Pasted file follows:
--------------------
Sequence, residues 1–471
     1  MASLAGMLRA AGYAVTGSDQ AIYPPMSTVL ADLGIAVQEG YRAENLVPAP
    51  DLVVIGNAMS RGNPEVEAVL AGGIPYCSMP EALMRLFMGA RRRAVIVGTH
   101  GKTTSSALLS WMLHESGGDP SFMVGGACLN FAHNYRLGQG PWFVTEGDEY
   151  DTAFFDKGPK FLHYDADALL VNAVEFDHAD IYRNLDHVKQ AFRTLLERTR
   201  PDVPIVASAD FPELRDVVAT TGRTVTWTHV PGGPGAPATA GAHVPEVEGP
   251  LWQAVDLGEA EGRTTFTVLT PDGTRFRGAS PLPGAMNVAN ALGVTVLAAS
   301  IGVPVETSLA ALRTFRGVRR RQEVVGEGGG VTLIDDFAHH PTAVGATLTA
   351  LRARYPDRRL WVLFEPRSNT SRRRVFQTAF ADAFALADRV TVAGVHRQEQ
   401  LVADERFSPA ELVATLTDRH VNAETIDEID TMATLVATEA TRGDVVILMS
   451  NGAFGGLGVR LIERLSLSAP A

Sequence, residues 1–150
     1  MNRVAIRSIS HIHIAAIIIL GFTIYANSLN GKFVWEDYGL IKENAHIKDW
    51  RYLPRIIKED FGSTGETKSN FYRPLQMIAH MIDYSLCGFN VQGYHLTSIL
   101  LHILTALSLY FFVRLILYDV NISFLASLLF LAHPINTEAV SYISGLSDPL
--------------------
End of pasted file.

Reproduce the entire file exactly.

Sequence, residues 1–471
     1  MASLAGMLRA AGYAVTGSDQ AIYPPMSTVL ADLGIAVQEG YRAENLVPAP
    51  DLVVIGNAMS RGNPEVEAVL AGGIPYCSMP EALMRLFMGA RRRAVIVGTH
   101  GKTTSSALLS WMLHESGGDP SFMVGGACLN FAHNYRLGQG PWFVTEGDEY
   151  DTAFFDKGPK FLHYDADALL VNAVEFDHAD IYRNLDHVKQ AFRTLLERTR
   201  PDVPIVASAD FPELRDVVAT TGRTVTWTHV PGGPGAPATA GAHVPEVEGP
   251  LWQAVDLGEA EGRTTFTVLT PDGTRFRGAS PLPGAMNVAN ALGVTVLAAS
   301  IGVPVETSLA ALRTFRGVRR RQEVVGEGGG VTLIDDFAHH PTAVGATLTA
   351  LRARYPDRRL WVLFEPRSNT SRRRVFQTAF ADAFALADRV TVAGVHRQEQ
   401  LVADERFSPA ELVATLTDRH VNAETIDEID TMATLVATEA TRGDVVILMS
   451  NGAFGGLGVR LIERLSLSAP A

Sequence, residues 1–150
     1  MNRVAIRSIS HIHIAAIIIL GFTIYANSLN GKFVWEDYGL IKENAHIKDW
    51  RYLPRIIKED FGSTGETKSN FYRPLQMIAH MIDYSLCGFN VQGYHLTSIL
   101  LHILTALSLY FFVRLILYDV NISFLASLLF LAHPINTEAV SYISGLSDPL